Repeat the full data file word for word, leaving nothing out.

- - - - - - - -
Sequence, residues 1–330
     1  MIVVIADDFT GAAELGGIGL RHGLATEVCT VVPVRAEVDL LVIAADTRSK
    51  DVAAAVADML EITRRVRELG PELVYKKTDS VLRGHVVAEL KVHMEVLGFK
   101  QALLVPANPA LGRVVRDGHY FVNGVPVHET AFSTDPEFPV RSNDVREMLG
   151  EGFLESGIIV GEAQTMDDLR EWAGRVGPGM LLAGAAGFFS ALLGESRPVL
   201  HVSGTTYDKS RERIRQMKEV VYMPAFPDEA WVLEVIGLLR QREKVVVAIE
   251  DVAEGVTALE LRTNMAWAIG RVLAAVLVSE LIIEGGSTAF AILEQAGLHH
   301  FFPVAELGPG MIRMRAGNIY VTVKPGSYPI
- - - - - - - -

Sequence, residues 1–330
     1  MIVVIADDFT GAAELGGIGL RHGLATEVCT VVPVRAEVDL LVIAADTRSK
    51  DVAAAVADML EITRRVRELG PELVYKKTDS VLRGHVVAEL KVHMEVLGFK
   101  QALLVPANPA LGRVVRDGHY FVNGVPVHET AFSTDPEFPV RSNDVREMLG
   151  EGFLESGIIV GEAQTMDDLR EWAGRVGPGM LLAGAAGFFS ALLGESRPVL
   201  HVSGTTYDKS RERIRQMKEV VYMPAFPDEA WVLEVIGLLR QREKVVVAIE
   251  DVAEGVTALE LRTNMAWAIG RVLAAVLVSE LIIEGGSTAF AILEQAGLHH
   301  FFPVAELGPG MIRMRAGNIY VTVKPGSYPI